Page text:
Citizen TV's Coverage of Pandora Papers Elicits Debate

  • A File Image of Citizen TV Studios
    A File Image of Citizen TV Studios
    Citizen Digital
  • The Pandora Papers investigation lifted the lid on secret deals and hidden assets of celebrities, politicians and public servants across the globe. 

    The over 11.9 million leaked documents were published by the International Consortium of Investigative Journalists (ICIJ) - a nonprofit newsroom and network of journalists centred in the US. 

    In Kenya, veteran Journalist John Allan Namu’s Africa Uncensored, an independent media house set up by one of Kenya's finest investigative journalists, led in unmasking the confidential information on how offshore accounts were set up in Panama and the British Virgin Islands. 

    Panama, a transcontinental country in Central America and South America

    Other media houses followed suit with analysis and explainers to break down the complex data.

    Lawyers, politicians and pundits were hosted to explain how the offshore accounts operate and the effects they have on the economy. Especially with the Head of State, President Uhuru Kenyatta, roped into the matter after his family was accused of holding over 3 billion in assets in the tax heavens. 

    However, a debate ensued on how Citizen TV covered the Pandora Papers, with a section of the audience divided on their explainer and the Day Break show guests. 

    On Monday, October 4, Citizen TV explained that offshore accounts are bank accounts held in a country where one does not reside. This allows them to make and receive payments, save and invest.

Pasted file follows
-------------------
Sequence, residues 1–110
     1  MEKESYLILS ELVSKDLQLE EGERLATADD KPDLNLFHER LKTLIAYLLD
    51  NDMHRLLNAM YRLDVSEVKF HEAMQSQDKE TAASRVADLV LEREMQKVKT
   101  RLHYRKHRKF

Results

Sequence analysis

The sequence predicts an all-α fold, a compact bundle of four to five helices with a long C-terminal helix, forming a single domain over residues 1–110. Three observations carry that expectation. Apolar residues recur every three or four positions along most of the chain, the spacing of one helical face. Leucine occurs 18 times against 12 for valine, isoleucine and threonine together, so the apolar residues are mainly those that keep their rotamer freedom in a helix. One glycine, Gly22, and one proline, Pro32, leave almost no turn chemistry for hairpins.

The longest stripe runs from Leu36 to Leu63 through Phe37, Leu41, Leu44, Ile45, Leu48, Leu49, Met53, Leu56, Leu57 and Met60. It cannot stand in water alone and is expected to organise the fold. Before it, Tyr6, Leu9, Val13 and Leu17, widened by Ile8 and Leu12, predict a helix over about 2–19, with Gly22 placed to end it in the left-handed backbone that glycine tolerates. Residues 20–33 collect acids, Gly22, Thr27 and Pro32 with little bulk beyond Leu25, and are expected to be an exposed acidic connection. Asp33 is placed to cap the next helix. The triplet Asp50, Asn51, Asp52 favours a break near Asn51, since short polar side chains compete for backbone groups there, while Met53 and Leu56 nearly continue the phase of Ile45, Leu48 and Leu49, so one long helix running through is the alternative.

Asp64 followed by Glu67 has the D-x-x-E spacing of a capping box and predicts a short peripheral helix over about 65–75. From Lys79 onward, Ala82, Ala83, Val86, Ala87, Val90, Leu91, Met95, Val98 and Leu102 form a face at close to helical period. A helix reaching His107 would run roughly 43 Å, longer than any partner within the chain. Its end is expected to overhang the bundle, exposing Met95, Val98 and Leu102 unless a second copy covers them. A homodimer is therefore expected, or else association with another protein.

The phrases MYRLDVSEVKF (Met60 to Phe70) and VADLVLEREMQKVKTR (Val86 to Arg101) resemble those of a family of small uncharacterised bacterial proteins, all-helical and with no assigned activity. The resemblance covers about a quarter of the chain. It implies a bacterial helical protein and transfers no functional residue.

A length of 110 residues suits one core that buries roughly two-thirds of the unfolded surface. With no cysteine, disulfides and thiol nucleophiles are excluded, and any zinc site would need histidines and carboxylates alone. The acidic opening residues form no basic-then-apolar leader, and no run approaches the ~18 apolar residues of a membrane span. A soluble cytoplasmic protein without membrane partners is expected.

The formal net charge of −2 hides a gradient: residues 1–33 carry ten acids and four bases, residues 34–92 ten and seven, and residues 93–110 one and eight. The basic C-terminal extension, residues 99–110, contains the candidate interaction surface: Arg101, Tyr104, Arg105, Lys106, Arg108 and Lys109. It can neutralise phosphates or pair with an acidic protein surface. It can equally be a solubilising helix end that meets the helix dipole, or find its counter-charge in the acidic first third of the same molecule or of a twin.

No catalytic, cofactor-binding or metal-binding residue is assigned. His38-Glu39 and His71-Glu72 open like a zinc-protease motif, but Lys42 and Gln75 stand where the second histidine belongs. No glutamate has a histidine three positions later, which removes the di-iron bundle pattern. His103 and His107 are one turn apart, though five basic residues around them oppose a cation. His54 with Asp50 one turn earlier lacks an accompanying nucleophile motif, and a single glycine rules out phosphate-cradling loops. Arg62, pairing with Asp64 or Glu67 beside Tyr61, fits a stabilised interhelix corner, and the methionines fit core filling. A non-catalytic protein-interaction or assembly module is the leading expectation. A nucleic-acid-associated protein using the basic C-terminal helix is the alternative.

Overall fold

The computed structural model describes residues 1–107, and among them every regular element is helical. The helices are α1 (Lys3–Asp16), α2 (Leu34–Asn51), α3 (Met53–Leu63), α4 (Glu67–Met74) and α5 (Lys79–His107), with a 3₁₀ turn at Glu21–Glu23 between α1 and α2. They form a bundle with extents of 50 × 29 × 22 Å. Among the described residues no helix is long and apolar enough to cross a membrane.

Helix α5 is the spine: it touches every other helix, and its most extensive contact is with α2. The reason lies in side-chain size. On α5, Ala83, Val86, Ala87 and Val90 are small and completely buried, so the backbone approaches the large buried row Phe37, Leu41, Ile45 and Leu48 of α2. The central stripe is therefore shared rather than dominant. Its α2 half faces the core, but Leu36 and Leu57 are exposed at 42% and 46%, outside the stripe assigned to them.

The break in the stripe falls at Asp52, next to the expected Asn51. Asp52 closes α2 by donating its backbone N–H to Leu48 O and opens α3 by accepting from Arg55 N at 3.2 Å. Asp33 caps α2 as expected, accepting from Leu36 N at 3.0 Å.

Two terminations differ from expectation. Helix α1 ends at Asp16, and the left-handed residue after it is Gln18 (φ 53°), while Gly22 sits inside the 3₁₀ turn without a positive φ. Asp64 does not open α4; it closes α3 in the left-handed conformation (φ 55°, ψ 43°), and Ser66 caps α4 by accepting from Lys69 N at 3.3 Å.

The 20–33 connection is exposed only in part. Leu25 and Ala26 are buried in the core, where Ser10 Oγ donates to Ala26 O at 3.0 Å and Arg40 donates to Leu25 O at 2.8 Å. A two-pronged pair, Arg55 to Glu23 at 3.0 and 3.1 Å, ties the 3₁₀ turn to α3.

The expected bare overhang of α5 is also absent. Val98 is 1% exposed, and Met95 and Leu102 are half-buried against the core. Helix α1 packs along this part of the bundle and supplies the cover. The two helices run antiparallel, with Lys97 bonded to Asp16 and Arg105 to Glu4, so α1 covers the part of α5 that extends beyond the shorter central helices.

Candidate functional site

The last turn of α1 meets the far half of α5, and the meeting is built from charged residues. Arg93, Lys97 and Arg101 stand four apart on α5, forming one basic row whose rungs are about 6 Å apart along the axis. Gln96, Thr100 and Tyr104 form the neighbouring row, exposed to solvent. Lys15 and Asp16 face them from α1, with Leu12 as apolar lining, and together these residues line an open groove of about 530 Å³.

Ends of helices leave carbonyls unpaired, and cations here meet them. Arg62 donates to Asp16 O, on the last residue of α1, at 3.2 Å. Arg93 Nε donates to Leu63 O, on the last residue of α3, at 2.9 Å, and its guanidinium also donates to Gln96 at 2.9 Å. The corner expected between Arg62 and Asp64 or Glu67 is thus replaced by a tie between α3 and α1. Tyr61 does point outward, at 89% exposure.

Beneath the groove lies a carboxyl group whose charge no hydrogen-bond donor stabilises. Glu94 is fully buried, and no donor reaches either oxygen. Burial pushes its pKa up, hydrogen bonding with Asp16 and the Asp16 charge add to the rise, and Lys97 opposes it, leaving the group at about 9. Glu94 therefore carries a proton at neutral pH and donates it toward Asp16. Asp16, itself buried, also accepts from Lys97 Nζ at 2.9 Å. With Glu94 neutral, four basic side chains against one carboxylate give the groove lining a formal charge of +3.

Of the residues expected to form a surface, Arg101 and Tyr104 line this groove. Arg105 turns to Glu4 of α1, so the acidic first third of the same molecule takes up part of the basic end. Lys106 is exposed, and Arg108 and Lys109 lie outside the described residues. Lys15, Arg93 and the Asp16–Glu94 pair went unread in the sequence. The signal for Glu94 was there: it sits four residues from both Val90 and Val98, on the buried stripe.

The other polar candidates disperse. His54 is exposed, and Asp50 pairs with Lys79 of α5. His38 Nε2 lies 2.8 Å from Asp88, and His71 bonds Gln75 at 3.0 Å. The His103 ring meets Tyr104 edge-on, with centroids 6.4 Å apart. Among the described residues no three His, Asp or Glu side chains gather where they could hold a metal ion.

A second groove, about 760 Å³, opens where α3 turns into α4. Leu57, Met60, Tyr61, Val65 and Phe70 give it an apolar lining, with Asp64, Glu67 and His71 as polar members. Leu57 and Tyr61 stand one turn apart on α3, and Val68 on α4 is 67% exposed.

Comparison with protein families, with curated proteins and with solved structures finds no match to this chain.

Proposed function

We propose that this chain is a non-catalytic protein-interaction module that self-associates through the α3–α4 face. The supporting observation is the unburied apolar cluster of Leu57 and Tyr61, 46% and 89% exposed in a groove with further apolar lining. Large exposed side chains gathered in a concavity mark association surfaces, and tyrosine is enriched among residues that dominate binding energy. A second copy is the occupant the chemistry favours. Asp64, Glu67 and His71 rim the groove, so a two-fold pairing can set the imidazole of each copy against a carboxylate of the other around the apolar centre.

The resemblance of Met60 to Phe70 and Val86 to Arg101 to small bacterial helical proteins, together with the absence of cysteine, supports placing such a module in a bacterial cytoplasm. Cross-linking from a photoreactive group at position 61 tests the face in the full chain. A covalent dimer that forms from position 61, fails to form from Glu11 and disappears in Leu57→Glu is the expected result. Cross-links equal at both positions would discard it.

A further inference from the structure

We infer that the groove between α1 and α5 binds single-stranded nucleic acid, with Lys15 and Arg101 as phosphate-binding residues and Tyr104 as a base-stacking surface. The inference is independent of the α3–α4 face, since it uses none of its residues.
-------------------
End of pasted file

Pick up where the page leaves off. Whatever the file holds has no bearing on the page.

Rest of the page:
This makes it easier and cheaper for one to make international payments and transfers. Anchor Trevor Ombija added that the accounts are not illegal lest one intends to use them for tax evasion. 

    It further shared the advantages of having an offshore account. These included; higher returns on international investments, protection from economic and political stability, generate higher interest rates, enjoy foreign bank security and hold multiple currencies. 

    These formed a basis of contention from a section of the audience who felt that the media house is reportedly propagating the benefits of offshore accounts and tax evasion. 

    “They are now telling us how beneficial offshore accounts are leaving the dark side of it,” Absaa Halake tweeted. 

    “Stop trying to cover up for offshore accounts. Doesn’t the Uhuru family own banks in Kenya? Offshore accounts especially in Panama and Cayman islands are illegal... Why not operate accounts in the US. Why Panama?” one Theartista added. 

    This debate went on October 5, during the Day Break show where the debate ensued on the Pandora Papers. This was after Uhuru responded to being linked to offshore accounts in Panama. The Head of State announced that Pandora Papers and any other audits will set the record straight and unveil secrets for those who cannot explain sources of their wealth.